Director: Ashwin Sarvanan
Game Over opens with a heinous, gruesome killing that sets the bar for just how ugly things can get in this home invasion thriller. Let’s just say it involves asphyxiation, beheading, and immolation. It’s a murder so chilling that when the killer prepares to strike again, you’re terrified both for the victim and yourself.
Directed by Ashwin Sarvanan, Game Over is taut and clever, but also at times plain silly. Not content being merely a home invasion movie, it has elements of a psychological thriller, and nods to films like Edge of Tomorrow in which characters get multiple lives to move up levels in stories that are structured like video games.
Video games, as it turns out, have a key role to play here. Taapsee Pannu is Sapna, a video game developer battling anxiety issues and a crippling fear of the dark. Homebound since she suffered a traumatic experience a year ago, she has only a housekeeper for company, and what seems like a commitment to improve her Pac Man score.
It doesn’t take a genius to predict that Sapna will come in harm’s way. To raise the stakes, midway through the movie she becomes confined to a wheelchair in her big empty house that’s located in the middle of nowhere. Let the games begin.
Sarvanan and his co-writer Kaavya Ramkumar trade in interesting concepts like ‘anniversary reaction’ and ‘memorial tattoos’ to add unpredictable layers to the template of the classic home invasion film. Some of these concepts are genuinely fascinating; others are employed in far-fetched ways.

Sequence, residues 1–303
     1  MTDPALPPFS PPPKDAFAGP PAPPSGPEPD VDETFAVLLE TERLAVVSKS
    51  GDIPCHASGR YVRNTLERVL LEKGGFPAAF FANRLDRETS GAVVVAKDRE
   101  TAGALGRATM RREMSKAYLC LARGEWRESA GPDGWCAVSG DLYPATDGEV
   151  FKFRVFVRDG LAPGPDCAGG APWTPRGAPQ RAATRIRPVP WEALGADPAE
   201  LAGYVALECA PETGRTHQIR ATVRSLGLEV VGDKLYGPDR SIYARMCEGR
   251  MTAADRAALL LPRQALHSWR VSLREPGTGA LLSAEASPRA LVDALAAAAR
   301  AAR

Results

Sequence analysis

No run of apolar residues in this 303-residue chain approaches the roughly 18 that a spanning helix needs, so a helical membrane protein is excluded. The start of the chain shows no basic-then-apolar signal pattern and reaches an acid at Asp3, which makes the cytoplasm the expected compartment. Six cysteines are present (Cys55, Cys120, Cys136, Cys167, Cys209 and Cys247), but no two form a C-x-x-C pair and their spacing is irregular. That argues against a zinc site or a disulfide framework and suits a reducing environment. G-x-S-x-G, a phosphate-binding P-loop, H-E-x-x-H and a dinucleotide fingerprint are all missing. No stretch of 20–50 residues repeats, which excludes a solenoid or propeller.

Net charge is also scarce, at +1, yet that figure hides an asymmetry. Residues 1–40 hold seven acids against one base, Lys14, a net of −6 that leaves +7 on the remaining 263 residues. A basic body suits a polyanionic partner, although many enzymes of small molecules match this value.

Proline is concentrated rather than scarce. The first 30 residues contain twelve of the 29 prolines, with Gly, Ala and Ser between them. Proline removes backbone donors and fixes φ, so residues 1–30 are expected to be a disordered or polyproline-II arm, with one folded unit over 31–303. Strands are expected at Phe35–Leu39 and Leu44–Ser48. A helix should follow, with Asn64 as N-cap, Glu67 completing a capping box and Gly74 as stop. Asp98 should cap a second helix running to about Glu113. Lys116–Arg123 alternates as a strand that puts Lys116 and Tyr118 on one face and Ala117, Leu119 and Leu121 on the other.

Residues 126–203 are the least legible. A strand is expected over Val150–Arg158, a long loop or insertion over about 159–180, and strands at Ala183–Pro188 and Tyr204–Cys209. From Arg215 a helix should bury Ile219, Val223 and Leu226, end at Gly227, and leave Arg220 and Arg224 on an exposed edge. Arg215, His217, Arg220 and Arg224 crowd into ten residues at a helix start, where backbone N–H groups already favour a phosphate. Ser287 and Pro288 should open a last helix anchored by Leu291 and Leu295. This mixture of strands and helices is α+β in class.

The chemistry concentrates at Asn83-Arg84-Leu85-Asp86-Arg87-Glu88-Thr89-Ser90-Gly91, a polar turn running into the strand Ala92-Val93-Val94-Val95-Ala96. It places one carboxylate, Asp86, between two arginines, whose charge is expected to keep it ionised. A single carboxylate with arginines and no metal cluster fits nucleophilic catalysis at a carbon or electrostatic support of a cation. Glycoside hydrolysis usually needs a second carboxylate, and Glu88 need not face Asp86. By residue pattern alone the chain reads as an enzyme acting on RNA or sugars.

Taapsee, the odds stacked against her character, makes Sapna easy to root for. Her anguish is palpable, her body weak. For much of the film Taapsee is the only person on screen, and she powers through the film – including clunky laughable scenes – with complete sincerity, and a fighter’s spirit. Interestingly, like the characters she played in some of her best films, Pink, Manmarziyaan and Badla, in this film too she’s unwilling to play the victim. Even with both her legs in a cast, and stuck in a wheelchair.
Game Over has some genuinely suspenseful moments, one terrific jump scare, but also a ridiculous sentimental track that sticks out like a sore thumb in a brisk thriller. The makers have some interesting things to say about violence towards women and the residue it can leave. There’s a lot going on, but barring its leading lady’s impressive performance, it’s simply hit and miss.
I’m going with two-and-a-half out of five. It’s ambitious but rough around the edges.
Rating: 2.5 / 5